Glucocorticoids in vivo induce both insulin hypersecretion and enhanced glucose sensitivity of stimulus-secretion coupling in isolated rat islets.
ABSTRACT Although glucocorticoids are widely used as antiinflammatory agents in clinical therapies, they may cause serious side effects that include insulin resistance and hyperinsulinemia. To study the potential functional adaptations of the islet of Langerhans to in vivo glucocorticoid treatment, adult Wistar rats received dexamethasone (DEX) for 5 consecutive days, whereas controls (CTL) received only saline. The analysis of insulin release in freshly isolated islets showed an enhanced secretion in response to glucose in DEX-treated rats. The study of Ca(2+) signals by fluorescence microscopy also demonstrated a higher response to glucose in islets from DEX-treated animals. However, no differences in Ca(2+) signals were found between both groups with tolbutamide or KCl, indicating that the alterations were probably related to metabolism. Thus, mitochondrial function was explored by monitoring oxidation of nicotinamide dinucleotide phosphate autofluorescence and mitochondrial membrane potential. Both parameters revealed a higher response to glucose in islets from DEX-treated rats. The mRNA and protein content of glucose transporter-2, glucokinase, and pyruvate kinase was similar in both groups, indicating that changes in these proteins were probably not involved in the increased mitochondrial function. Additionally, we explored the status of Ca(2+)-dependent signaling kinases. Unlike calmodulin kinase II, we found an augmented phosphorylation level of protein kinase C alpha as well as an increased response of the phospholipase C/inositol 1,4,5-triphosphate pathway in DEX-treated rats. Finally, an increased number of docked secretory granules were observed in the beta-cells of DEX animals using transmission electron microscopy. Thus, these results demonstrate that islets from glucocorticoid-treated rats develop several adaptations that lead to an enhanced stimulus-secretion coupling and secretory capacity.
- Diabetes/Metabolism Research and Reviews 02/2014; 30(2):120-1. · 2.97 Impact Factor
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ABSTRACT: Glucocorticoid excess is commonly associated with diabetogenic effects, including insulin resistance and glucose intolerance. The effects of the long-term glucagon-like peptide 1 receptor agonist treatment on the metabolic syndrome-like conditions are not yet fully elucidated. Thus, we aimed to test whether long-term liraglutide treatment could be effective as a therapy to counteract the metabolic dysfunctions induced by chronic glucocorticoid exposure. Mice were given corticosterone or vehicle via their drinking water for five consecutive weeks. In addition, mice were treated with once-daily injections of either PBS or liraglutide. Liraglutide treatment slowed progression towards obesity and ectopic fat deposition in liver that otherwise occurred in corticosterone-treated mice. The drug reduced the increment in serum insulin caused by corticosterone, but did not affect the reduction of insulin sensitivity. Furthermore, liraglutide improved glucose control in mice exposed to corticosterone as evident by a delay in the progression towards post-prandial hyperglycemia and enhanced glucose clearance during a glucose tolerance test. Glucose-stimulated C-peptide levels were higher in those mice that had received liraglutide and corticosterone compared to mice that had been treated with corticosterone alone, indicating a positive role of liraglutide for beta-cell function. Morphometric analysis revealed increased beta- and alpha-cell masses that were associated with more Ki67-positive islet cells in corticosterone-treated mice irrespective of whether they were co-treated with liraglutide or not. Liraglutide had no discernible effect on alpha-cell mass. Liraglutide can be beneficial for subjects at risk of developing metabolic complications as a result of glucocorticoid excess.Diabetology and Metabolic Syndrome 01/2014; 6(1):3. · 1.92 Impact Factor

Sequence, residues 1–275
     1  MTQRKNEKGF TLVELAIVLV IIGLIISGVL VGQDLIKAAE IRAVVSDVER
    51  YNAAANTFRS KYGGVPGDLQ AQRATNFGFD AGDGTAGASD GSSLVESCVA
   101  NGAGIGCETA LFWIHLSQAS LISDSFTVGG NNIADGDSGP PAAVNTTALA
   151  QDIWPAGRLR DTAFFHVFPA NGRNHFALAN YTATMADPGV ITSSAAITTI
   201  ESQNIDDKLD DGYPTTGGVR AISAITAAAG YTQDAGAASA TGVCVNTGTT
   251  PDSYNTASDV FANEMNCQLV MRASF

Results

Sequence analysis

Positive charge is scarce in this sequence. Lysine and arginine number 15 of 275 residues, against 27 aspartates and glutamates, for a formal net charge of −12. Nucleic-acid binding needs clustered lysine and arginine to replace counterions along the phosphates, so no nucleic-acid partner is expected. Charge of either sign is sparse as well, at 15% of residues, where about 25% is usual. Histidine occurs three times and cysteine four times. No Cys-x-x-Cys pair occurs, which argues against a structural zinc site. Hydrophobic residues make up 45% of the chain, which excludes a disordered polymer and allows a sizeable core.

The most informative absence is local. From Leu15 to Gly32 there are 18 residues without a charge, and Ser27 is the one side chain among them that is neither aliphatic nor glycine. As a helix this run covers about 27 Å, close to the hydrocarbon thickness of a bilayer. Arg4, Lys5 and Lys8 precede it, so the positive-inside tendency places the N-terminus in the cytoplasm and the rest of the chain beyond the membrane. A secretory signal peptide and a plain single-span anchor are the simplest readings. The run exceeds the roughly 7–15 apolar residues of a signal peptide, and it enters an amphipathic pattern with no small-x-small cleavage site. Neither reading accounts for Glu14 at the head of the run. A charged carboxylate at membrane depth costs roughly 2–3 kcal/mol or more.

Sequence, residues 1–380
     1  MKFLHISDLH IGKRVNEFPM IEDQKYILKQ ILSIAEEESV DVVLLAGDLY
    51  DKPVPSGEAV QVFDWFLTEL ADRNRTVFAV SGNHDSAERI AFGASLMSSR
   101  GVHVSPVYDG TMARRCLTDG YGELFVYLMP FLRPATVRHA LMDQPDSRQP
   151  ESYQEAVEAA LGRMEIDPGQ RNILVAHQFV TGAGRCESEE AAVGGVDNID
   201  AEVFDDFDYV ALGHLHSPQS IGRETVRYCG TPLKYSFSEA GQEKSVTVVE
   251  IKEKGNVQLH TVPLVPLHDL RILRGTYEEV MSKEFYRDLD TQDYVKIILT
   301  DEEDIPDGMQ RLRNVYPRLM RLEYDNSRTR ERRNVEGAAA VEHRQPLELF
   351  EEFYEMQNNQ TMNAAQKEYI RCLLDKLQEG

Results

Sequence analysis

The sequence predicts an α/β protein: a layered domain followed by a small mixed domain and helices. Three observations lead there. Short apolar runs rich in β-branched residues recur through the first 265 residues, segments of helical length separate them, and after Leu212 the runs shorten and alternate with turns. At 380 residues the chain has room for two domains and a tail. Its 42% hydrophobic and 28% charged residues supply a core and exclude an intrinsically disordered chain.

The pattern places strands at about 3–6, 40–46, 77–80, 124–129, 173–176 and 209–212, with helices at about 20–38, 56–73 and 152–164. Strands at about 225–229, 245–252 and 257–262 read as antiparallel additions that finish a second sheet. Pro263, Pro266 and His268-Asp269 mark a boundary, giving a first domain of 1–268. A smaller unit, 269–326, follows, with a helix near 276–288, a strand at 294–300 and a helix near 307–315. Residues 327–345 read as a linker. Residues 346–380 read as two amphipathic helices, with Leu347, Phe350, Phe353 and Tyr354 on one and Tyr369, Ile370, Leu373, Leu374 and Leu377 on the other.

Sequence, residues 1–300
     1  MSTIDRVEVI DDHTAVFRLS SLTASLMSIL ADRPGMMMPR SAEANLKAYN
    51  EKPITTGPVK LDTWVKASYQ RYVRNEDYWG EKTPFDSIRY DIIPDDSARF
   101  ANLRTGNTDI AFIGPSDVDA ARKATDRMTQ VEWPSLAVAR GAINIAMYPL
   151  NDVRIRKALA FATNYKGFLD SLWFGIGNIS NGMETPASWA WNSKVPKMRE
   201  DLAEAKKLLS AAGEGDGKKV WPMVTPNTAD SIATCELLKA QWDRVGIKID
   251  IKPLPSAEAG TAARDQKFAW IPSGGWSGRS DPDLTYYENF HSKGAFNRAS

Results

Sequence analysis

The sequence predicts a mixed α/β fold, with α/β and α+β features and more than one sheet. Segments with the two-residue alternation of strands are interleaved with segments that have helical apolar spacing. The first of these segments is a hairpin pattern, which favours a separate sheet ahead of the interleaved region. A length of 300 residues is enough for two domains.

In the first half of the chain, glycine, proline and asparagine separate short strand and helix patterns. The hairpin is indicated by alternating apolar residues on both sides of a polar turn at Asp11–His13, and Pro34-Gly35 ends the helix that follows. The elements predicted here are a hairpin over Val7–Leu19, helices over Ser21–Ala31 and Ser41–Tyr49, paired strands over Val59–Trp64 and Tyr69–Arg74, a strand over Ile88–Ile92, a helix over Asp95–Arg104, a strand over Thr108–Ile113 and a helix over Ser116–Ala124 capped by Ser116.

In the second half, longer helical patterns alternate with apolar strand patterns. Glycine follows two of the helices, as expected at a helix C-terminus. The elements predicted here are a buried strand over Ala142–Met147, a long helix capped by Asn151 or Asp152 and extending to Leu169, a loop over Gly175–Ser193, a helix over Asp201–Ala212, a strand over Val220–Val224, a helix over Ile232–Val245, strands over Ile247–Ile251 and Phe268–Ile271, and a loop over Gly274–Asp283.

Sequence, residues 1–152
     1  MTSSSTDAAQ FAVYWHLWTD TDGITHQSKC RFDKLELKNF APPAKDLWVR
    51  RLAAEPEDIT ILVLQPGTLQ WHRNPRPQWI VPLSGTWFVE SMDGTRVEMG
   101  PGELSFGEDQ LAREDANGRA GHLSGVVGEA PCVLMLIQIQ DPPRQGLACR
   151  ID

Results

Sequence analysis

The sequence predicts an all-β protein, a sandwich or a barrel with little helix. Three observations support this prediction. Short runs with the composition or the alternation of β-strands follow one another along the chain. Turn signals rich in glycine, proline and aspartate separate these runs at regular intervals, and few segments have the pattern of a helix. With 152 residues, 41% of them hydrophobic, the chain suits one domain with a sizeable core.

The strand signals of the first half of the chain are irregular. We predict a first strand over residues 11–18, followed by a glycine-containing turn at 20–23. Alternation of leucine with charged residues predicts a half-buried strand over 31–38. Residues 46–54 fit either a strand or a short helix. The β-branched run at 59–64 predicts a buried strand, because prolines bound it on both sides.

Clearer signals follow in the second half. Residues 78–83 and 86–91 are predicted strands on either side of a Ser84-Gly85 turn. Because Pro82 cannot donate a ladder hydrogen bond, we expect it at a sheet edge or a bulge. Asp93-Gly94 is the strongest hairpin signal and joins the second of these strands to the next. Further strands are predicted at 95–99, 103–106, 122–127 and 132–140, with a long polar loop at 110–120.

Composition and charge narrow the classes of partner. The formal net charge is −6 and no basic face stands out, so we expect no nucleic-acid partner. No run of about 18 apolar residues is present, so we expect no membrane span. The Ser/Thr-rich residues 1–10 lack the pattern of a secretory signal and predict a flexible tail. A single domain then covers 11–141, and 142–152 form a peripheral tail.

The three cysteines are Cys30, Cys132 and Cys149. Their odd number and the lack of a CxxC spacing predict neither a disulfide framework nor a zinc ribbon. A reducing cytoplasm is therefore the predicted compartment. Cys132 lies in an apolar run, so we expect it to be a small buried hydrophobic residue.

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ABSTRACT: Evidences suggest that glucocorticoids results in depression and is a risk factor for type 2 diabetes. Further diabetes induces oxidative stress and hippocampal dysfunction resulting in cognitive decline. Traditionally Urtica dioica has been used for diabetes mellitus and cognitive dysfunction. The present study investigated the effect of the hydroalcoholic extract of Urtica dioica leaves (50 and 100 mg/kg, p.o.) in dexamethasone (1 mg/kg, i.m.) induced diabetes and its associated complications such as depressive like behavior and cognitive dysfunction. We observed that mice administered with chronic dexamethasone resulted in hypercortisolemia, oxidative stress, depressive like behavior, cognitive impairment, hyperglycemia with reduced body weight, increased water intake and decreased hippocampal glucose transporter-4 (GLUT4) mRNA expression. Urtica dioica significantly reduced hyperglycemia, plasma corticosterone, oxidative stress and depressive like behavior as well as improved associative memory and hippocampal GLUT4 mRNA expression comparable to rosiglitazone (5 mg/kg, p.o.). Further, Urtica dioica insignificantly improved spatial memory and serum insulin. In conclusion, Urtica dioica reversed dexamethasone induced hyperglycemia and its associated complications such as depressive like behavior and cognitive dysfunction.Metabolic Brain Disease 01/2014; · 2.33 Impact Factor